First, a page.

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  1. Although I don’t think this was the point of Drawing Critique, if I were to take a class like that, I’d strive to bolster my self-confidence from the inside…to give myself the acceptance and validation I was seeking from others. And then, maybe(?) I’d be able to hear the criticism with curiosity and fascination, rather than with fear. Wouldn’t it be cool if the professor had taught the class the very same way, but by prefacing each class in that way.

  2. Roxie says:

    Thank you. Boy, I struggle with that one, too.

  3. tree peters says:

    I love that last quote. I believe that.

  4. Love the Yelp solution. :)

    I wouldn’t have enjoyed that class. Not for the negativity toward my work, but for the unwillingness to share positive comments. That’s just the way I roll. :)

  5. Lynn says:

    Criticism has its place, I agree, but it’s like your professor never heard of constructive criticism. Criticism masks so many things. Jealousy, envy, insecurities. I know I’m guilty of that kind of criticism.

    I love that restaurant board, too! Face the critics! Now if only I could take my own advice :)

  6. Kyra says:

    Interesting, many of my art classes were the same way. For me, instead of tearing down I believe in offering possible solutions. I think criticism is always bad saying you did something wrong. But ideas simply offer room for growth, saying there is more for you to possibly do. Something can always be done better, but that doesn’t mean it has to be told in a way to wound. I think the wounding part of criticism is a separate thing designed to hurt the target and make the dealer feel more powerful.

    My guess, if I was being charitable, is that the professors’ aim was to teach the student that there is always something more to be done and you can see a million problems with a piece if you try. Be prepared for that, because the art world is 2/3 full of people looking for problems and only 1/3 looking for actual beauty. Hold tight to that which you know is beautiful – IN SPITE of itself – and withstand the stones thrown.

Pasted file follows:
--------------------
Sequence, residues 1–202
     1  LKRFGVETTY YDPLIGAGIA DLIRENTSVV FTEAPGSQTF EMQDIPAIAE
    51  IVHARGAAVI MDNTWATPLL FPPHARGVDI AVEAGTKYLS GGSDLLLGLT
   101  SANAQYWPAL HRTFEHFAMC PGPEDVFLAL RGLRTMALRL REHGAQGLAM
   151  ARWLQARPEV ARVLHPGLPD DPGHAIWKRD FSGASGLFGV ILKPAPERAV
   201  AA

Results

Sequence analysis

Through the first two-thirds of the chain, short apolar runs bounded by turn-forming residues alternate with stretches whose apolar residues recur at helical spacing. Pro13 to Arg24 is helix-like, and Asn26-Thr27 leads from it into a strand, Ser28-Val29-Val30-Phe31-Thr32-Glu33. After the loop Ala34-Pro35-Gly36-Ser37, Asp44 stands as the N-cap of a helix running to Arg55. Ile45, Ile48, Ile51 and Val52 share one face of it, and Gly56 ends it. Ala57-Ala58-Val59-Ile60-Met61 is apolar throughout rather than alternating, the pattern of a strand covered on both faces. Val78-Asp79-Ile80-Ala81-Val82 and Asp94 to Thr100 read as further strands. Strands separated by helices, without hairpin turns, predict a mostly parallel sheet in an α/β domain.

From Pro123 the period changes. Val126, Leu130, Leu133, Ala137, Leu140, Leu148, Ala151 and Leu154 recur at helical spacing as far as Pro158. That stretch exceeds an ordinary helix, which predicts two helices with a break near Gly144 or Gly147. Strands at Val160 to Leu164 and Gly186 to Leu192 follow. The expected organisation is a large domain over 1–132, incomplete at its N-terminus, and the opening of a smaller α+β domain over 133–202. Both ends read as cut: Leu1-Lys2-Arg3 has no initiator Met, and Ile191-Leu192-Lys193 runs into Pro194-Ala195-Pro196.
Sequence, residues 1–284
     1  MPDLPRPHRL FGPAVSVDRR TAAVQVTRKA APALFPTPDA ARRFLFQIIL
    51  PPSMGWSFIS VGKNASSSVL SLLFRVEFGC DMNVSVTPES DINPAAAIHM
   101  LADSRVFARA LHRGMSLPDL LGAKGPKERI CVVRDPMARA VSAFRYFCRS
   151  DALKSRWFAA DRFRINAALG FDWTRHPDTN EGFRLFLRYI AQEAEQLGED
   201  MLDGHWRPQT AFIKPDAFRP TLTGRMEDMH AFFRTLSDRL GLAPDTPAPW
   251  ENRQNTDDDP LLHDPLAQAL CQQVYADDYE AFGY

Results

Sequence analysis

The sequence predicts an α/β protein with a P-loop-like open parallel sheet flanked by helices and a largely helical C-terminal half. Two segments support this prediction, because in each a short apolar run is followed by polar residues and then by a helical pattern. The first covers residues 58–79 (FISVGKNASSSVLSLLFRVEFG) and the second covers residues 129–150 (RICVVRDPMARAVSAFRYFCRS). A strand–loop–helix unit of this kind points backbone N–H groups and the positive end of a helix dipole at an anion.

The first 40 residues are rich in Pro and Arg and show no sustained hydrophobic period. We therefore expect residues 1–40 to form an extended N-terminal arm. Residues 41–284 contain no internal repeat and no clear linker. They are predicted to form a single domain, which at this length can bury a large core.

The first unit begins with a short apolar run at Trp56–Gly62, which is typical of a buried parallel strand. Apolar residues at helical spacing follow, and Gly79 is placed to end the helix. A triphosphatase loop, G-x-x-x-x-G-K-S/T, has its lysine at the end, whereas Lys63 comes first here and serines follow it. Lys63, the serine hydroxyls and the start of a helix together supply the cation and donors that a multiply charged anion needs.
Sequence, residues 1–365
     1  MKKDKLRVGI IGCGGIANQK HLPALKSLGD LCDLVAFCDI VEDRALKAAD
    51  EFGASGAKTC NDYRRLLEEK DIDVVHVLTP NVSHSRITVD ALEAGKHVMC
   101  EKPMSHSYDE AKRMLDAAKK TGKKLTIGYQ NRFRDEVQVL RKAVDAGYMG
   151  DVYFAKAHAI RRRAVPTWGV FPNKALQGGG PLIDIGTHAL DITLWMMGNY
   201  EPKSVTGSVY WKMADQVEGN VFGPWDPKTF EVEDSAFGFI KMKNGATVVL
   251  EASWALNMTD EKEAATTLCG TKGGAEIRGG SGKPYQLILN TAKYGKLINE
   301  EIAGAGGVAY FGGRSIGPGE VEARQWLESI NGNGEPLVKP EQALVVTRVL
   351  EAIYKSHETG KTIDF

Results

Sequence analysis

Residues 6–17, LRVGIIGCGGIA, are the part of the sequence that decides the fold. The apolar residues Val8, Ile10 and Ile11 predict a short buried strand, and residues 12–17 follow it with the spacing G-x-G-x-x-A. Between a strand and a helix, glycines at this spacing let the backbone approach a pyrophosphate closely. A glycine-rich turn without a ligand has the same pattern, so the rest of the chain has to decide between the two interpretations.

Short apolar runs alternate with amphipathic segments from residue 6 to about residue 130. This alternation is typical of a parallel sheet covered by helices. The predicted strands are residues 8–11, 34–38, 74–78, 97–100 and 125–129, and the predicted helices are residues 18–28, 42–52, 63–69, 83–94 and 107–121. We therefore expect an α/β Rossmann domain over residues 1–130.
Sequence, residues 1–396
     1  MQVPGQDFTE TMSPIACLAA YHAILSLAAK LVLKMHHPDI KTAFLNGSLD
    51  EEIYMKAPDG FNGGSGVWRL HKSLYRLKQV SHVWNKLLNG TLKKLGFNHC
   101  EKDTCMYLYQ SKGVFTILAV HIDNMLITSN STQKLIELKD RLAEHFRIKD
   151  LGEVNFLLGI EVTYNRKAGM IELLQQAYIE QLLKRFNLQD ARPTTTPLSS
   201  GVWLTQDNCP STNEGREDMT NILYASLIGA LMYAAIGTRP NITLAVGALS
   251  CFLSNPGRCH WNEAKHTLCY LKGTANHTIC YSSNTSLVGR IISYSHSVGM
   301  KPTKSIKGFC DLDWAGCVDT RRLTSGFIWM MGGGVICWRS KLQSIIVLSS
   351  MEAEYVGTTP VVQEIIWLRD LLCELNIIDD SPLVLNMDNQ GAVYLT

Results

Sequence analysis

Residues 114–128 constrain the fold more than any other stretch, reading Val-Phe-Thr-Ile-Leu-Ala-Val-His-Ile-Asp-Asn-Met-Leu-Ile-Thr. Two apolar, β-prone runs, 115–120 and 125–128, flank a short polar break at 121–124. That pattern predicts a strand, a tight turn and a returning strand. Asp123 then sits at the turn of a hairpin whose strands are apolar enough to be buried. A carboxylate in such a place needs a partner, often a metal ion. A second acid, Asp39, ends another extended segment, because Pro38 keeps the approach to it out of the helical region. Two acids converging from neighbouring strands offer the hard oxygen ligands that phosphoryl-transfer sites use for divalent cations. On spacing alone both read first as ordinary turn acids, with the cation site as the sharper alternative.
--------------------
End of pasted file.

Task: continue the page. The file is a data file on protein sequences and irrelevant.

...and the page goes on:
It’s hard as heck to do that with my art, almost impossible with myself. *sigh* But I think that’s the point. And if it’s not the point? It darn well should be! 😉 I believe in people supporting art and creativity, it should be a community of support. (I have a dream that some day that will happen. Maybe I should open an art community. Happy painting people!)

  7. Lynn B says:

    Wow, that sounds like a pretty harsh class. I could understand if the point of the exercise was to show what it is like to be on the receiving end of harsh criticism as a way to remind everyone ‘put themselves in the shoes of someone else’ before you destroy their efforts. I can understand the idea that maybe the professor wanted to emphasis that there is always room for improvement but I’ll bet it back-fired more often than inspired his/her students.

    I struggle with the same issues…and working on accepting compliments at face value…it’s very hard.

  8. didi says:

    Hmm. I am trying to picture how I’d respond to a room full of people only jabbing a piece of artwork that I love. Let’s say my favorite piece of art is getting ripped apart for the sake of a critique…
    Wow. Years ago I probably would have cried all the way home. Today though? I’d laugh and tell my classmates to suck it. I one hundred percent stand behind this piece of art. This is a part of me, and I think it is beautiful and totally me.
    I SOOOOO would have failed that fricken class. If I saw a piece of art I loved I’d never be able to pretend otherwise. I’d stammer out some nonsense that everybody knew was total baloney!

  9. Laura N says:

    Enjoyed this post very much. I shrivel under criticism. I’d have dried up like a husk and blown away. Yet, I am by far my own worst critic, as are mos of Us. The meatball sign made me laugh outloud.